2. I recommend that files or directories be named according to the syntax below:

(a) A full name, for a versioned copy of the file:



"ShortDescriptiveFilename" = a short descriptive filename that may contain upper and lower case text, numerals, "-" (dash) and "_" (underscore). Use upper camel case or dashes and underscores as separators. Space and other symbols are not allowed here;

Followed by two dashes;

"AuthorRef" = a reference comprising the name of the author and/or the organization where the file is authored. Upper camel case preferred. Separate author and organization with a dash if both are featured. Again, space and other symbols are not allowed here;

"VersionDateRef" = a reference comprising the version number and/or the date the file is released. Start the version number with a "v"; use "-" instead of "." in the version numbering (like "v2-15" instead of "v2.15"). Separate version and date with an underscore, if both are featured. For the date reference, the more significant parts should come first — use "yyyymmdd". Add an "a", "b", "c", ... suffix, if multiple versions may occur with the same date reference. Again, space and other symbols are not allowed here;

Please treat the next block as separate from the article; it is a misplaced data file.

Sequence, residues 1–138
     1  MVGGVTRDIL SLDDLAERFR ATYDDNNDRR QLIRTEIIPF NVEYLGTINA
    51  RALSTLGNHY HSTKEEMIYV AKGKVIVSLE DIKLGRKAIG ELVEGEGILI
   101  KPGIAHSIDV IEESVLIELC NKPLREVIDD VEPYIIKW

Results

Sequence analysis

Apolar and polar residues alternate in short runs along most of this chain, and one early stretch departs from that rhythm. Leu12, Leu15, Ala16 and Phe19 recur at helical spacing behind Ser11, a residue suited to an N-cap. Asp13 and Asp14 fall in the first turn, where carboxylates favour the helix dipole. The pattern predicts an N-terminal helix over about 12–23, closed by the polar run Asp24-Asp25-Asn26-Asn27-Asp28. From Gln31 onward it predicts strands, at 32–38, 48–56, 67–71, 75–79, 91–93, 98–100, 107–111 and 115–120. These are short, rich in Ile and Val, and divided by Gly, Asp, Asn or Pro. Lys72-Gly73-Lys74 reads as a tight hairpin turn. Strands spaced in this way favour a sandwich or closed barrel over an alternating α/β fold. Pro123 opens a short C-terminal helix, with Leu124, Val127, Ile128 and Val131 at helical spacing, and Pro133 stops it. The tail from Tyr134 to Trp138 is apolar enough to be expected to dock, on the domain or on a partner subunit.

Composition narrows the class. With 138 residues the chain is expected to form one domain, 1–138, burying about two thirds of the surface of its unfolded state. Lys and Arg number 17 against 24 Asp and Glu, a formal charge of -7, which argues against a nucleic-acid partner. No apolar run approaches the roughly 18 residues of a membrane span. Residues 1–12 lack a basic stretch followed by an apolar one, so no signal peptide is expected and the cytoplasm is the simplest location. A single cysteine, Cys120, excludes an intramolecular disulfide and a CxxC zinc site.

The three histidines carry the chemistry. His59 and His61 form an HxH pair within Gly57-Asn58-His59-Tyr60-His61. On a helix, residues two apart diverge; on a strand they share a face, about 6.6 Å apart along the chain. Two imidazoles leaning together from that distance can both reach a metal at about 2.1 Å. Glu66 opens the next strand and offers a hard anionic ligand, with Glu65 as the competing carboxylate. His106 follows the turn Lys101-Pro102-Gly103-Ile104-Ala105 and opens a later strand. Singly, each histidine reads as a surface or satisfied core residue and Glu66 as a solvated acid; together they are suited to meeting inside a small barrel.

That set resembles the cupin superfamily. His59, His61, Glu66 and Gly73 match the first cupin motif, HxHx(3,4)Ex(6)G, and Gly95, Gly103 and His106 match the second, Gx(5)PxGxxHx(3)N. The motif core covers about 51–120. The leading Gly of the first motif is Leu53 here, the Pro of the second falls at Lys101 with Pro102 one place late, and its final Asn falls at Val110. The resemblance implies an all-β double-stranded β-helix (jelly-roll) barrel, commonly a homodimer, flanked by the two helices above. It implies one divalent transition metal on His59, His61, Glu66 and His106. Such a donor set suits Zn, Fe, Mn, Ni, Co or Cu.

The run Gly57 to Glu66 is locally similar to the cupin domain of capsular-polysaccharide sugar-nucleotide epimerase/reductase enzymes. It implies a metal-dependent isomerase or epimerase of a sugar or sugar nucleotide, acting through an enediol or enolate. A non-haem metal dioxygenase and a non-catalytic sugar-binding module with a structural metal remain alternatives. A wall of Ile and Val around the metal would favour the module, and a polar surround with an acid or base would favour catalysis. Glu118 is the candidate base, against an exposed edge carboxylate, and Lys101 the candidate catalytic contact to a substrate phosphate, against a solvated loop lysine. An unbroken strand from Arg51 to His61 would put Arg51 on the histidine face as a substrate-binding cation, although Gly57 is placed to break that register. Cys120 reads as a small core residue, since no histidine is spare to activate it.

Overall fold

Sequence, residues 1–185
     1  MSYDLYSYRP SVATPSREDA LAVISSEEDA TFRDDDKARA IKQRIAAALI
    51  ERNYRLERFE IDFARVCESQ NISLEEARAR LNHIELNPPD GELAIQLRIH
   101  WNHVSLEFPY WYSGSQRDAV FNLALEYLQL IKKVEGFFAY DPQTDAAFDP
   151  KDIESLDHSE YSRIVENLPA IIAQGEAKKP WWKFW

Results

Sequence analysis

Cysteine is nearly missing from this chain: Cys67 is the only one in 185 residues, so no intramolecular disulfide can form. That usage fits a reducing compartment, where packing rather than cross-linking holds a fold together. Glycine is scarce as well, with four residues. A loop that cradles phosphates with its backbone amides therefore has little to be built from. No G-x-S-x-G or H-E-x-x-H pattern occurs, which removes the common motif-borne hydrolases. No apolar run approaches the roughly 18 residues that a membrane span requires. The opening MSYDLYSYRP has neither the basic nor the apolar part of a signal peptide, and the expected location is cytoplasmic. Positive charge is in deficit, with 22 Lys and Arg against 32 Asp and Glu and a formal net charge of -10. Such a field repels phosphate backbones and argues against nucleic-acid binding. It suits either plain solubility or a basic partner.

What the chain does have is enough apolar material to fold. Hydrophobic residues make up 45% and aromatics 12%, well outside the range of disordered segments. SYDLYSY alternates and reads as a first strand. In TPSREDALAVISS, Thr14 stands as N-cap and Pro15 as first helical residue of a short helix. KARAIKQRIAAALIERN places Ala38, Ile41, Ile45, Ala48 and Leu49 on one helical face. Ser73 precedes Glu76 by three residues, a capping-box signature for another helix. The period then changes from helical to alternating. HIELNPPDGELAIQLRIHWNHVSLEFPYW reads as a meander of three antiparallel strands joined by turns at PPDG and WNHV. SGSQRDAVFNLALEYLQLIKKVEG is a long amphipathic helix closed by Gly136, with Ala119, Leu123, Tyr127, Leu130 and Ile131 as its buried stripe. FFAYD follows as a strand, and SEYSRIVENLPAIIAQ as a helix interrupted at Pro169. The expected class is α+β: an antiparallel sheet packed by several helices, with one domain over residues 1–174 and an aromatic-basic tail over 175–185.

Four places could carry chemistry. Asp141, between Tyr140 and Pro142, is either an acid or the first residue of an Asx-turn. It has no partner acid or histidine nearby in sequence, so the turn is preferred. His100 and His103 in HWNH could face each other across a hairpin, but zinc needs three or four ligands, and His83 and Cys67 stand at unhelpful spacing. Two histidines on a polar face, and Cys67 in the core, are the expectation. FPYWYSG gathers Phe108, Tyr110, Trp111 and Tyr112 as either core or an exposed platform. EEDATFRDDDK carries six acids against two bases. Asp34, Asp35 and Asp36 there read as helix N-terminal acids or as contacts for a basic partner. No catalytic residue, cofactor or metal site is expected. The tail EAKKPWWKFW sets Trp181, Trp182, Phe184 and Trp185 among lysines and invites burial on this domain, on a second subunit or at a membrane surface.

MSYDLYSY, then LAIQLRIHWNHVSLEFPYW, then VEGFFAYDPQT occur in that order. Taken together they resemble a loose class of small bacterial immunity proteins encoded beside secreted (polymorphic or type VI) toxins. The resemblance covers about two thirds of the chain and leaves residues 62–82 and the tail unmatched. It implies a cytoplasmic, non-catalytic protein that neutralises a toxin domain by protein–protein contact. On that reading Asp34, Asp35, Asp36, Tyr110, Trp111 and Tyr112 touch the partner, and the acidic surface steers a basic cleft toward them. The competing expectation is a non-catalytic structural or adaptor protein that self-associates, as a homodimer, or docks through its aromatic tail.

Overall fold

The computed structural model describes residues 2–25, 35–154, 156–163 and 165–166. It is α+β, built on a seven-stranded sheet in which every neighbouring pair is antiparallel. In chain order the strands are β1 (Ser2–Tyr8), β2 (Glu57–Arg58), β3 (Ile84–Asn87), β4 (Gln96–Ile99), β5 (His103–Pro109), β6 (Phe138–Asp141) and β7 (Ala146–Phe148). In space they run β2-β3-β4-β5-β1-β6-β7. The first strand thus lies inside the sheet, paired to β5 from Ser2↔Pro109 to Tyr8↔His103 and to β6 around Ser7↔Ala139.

Followed by "." (a dot); [there should only be one "." in the entire filename, and it should be right before the file extension)

"ext" is the standard file extension by which this file can be associated with an appropriate application that will handle it. This is generally in 2~4 lower case alphanumeric characters.

(b) a brief name, for the current (latest posted) version of the file:


same conventions as above.

3. Examples:

[full name] : SigmaUserManual--AdamPease_20040215.pdf [brief name]: SigmaUserManual.pdf [full name] : ONTOLOG-CWE--PeterYim_20031105.ppt [brief name]: ONTOLOG-CWE.ppt [full name] : SUMO_v1-566 (specific version directory name) [brief name]: SUMO (current version directory name)

4. As a reference, a similar convention is being practiced at w3c for their published work too. See, for example: (note their page header information)

My situation is as follows: I use computers in several locations, using several different methods to transfer files in between them; so I need a way of naming files that will allow me to keep track of which ones are most up-to-date and which ones need to be merged into other files.

I think the above is a pretty good system, but it lacks a couple of things. One is location tracking; I suppose that the author metadata is the analogue to location in a multi-user, rather than multi-location, situation.

Then there is the question of time. I would like the naming of one file to be independent of how many previous files there were, so I'd rather no 'a, b, c, d' versioning. But at the same time, the idea of having to name each file down to the minute and second is too burdensome, especially updating it at each save. So maybe an ABCD system, at least within the span of a single day, would be do-able.